I was reading this post by Gretchen Rubin, author of The Happiness Project, about loneliness and how feeling lonely makes us more negative, less likely to engage with other people, and altogether less likeable. We become “more aggressive, more self-defeating or self-destructive, less cooperative and helpful, and less prone simply to do the hard work of thinking clearly.” (This last bit is a quote from the book Gretchen was referencing in her post, Loneliness: Human Nature and the Need for Social Connection.)
I remember that when I was going through secondary infertility that I was very sad and that this sadness made me very lonely. Going through a personal crisis is like living in a bubble. You can see the people outside and you can hear them, but there’s a barrier between you and everyone else. People’s voices seemed to be coming from a long distance away, someplace where there was happiness and sunshine but I was living in this muted bubble where I could see the sun but not feel it’s warmth. I felt self-conscious in my sadness and found myself withdrawing from friends and family.
This is why I sought counseling. I knew I was in danger of isolating myself in a way that would not be good for me or my son. I could show up for things, sure, but the hard work of being present with other people felt beyond me.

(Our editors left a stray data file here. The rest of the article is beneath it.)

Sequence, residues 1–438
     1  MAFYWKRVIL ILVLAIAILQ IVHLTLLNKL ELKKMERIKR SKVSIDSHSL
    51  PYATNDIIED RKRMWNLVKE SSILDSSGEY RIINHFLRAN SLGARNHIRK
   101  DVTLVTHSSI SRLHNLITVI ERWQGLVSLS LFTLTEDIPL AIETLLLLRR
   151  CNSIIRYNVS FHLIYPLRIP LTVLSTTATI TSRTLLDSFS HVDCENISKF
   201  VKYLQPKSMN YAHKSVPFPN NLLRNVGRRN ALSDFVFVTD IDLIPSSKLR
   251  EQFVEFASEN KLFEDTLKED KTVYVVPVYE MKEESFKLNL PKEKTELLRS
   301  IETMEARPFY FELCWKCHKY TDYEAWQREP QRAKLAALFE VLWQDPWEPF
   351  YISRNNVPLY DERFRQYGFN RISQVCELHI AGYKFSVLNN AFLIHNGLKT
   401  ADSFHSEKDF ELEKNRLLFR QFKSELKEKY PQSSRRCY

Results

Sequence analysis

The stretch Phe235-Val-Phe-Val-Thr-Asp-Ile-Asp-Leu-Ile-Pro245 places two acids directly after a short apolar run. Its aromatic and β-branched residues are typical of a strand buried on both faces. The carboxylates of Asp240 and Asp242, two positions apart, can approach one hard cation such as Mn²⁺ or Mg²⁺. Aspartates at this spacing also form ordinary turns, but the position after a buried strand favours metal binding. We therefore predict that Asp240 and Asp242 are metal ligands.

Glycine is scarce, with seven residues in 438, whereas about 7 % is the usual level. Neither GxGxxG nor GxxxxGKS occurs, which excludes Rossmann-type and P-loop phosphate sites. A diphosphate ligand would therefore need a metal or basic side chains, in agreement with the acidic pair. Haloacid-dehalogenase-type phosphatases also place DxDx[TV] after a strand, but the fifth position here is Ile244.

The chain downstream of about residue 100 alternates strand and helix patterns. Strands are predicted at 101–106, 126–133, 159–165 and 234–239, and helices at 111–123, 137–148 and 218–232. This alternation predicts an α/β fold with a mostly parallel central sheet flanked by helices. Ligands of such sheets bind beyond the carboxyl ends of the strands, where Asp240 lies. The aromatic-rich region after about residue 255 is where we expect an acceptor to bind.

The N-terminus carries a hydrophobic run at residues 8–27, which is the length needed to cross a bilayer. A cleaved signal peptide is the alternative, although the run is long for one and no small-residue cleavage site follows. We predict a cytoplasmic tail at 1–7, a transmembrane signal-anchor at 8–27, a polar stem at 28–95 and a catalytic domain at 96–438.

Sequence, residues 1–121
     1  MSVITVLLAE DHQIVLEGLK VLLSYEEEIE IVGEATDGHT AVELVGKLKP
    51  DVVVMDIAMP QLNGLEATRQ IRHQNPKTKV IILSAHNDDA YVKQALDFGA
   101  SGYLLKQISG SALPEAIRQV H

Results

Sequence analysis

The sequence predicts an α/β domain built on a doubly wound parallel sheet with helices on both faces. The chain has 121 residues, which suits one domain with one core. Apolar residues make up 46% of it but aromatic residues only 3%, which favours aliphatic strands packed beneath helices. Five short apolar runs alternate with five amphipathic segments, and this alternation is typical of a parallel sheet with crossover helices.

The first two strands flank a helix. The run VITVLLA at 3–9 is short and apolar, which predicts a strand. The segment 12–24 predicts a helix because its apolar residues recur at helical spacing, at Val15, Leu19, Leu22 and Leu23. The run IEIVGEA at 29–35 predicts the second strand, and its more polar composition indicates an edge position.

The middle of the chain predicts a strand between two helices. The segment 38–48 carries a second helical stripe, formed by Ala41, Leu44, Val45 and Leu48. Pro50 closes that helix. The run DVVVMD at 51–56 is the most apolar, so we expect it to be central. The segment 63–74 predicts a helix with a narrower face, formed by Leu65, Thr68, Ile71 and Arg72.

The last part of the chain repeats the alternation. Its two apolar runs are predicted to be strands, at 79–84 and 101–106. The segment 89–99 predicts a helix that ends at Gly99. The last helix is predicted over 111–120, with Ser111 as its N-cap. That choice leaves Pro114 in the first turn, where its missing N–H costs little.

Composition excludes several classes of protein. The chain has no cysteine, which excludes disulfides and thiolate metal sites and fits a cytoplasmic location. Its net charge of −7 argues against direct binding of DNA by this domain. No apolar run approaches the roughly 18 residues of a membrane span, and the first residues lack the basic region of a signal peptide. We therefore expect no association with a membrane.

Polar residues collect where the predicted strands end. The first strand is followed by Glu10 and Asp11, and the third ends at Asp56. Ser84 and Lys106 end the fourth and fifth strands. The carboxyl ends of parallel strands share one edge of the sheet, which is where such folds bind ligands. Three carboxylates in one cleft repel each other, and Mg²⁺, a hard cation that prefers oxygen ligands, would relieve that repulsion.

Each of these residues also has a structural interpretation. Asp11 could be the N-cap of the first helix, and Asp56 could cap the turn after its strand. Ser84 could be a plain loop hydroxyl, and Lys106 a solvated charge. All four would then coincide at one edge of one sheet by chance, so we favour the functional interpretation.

Some people tell me that they are uncomfortable with counseling because it feels weird to pay someone to talk with you. But for me, there was safety in knowing that she could not reject me. The structure of our relationship — that I would hand her a check at the beginning and get 50-minutes of her time — was reassuring. I could be my worst self, my most selfish self, and she would still listen. I could be vulnerable and sad and she wouldn’t try to change the subject. I could ask her to lead the conversation when I was too exhausted by sadness to carry my end and she would.
That safety, that space we built together, helped heal some of my loneliness so I could be with my friends again. And even though I was paying for her time, I know she genuinely cared for me. I know this because I genuinely care for my clients.
I want to write more about that, too, how the boundaries of therapy is what makes the therapeutic relationship possible. Stay tuned for that, same bat time, same bat channel.